precursor to a number of highly complex human
cognitive abilities, including theory of mind, scientific
reasoning, and religious reasoning.8790 Taylor et al.
recently examined whether New Caledonian crows
could infer that the backward and forward movement
of a stick from a hide was caused by a human they
had seen enter the hide.91 The crows seemed able
to ‘join the dots’ and infer that the hidden human
was the cause of the stick’s movement. Thus when
the human left the hide, the crows reasoned that
the stick could not move again and so it was safe
to forage in close proximity to the hide. Though
associative accounts for the crows’ behavior have been
suggested92,93 they do not seem able to explain the
results in their entirety.94,95 These results are therefore
in stark contrast to those found with string pulling
paradigms (Figure 4).
The studies outlined above suggest that corvid species
use sophisticated cognition when thinking about
temporal events, conspecifics, tools, and the causality
of the world. The field of corvid cognition has,
therefore, made substantial progress in demonstrating
that the two hallmarks of intelligence seen in this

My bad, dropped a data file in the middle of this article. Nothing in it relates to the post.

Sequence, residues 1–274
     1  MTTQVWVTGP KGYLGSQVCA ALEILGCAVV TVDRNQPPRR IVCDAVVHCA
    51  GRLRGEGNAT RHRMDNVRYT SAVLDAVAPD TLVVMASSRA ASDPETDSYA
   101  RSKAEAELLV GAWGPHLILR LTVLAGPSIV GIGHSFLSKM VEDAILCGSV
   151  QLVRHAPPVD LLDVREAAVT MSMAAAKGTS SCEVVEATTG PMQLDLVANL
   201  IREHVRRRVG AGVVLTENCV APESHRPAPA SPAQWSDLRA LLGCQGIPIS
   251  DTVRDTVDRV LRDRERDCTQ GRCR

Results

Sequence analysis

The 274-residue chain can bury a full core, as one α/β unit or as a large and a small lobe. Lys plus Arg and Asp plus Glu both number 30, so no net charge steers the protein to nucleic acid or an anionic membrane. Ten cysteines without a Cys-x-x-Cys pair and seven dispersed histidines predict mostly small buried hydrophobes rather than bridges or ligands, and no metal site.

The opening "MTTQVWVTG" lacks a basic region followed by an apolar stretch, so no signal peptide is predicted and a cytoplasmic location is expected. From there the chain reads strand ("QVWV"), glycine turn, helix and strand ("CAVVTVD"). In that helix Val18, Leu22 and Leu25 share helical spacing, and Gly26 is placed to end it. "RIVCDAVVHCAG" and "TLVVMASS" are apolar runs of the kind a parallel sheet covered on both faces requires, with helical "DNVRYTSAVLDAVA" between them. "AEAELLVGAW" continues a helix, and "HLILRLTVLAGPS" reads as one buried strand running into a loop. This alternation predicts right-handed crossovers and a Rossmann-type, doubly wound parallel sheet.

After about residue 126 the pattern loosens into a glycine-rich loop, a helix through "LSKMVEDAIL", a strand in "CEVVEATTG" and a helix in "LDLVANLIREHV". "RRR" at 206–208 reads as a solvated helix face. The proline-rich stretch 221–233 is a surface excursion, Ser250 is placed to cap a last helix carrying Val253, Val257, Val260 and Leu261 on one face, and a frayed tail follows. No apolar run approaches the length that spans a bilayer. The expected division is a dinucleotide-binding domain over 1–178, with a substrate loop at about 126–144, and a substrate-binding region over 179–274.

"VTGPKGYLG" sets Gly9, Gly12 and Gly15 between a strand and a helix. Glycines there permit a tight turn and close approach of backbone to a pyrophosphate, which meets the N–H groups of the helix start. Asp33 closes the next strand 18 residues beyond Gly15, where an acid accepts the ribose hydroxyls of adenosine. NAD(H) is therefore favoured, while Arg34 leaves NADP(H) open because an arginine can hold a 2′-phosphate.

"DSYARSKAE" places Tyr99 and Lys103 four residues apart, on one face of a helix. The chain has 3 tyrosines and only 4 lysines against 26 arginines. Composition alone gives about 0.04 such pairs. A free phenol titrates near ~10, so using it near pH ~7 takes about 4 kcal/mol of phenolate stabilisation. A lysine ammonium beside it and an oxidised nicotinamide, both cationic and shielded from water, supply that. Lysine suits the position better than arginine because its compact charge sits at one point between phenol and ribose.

group, (large relative brain size and behavioral com-
plexity), are because of this group actually thinking in
sophisticated ways. In fact, in several of the cognitive
spheres discussed here, the evidence for intelligence
rivals that found for primates,23,42,56,59,77,96 which
is highly impressive, particularly given that primate
cognition has been studied for far longer. Because of
this, the corvids are now established as one of the
most intelligent groups of animals on the planet.
However, a number of key questions remain
unanswered. Certain corvid species seem to remember
the past and plan for the future in a flexible way that
goes beyond the Bischof-Kohler hypothesis, which
states that an animal cannot plan for a future desire
©2014 John Wiley & Sons, Ltd.
Focus Article
FIGURE 4|Experimental outline of reasoning about hidden causal agents study in New Caledonian crows. Crows infer that the movement of this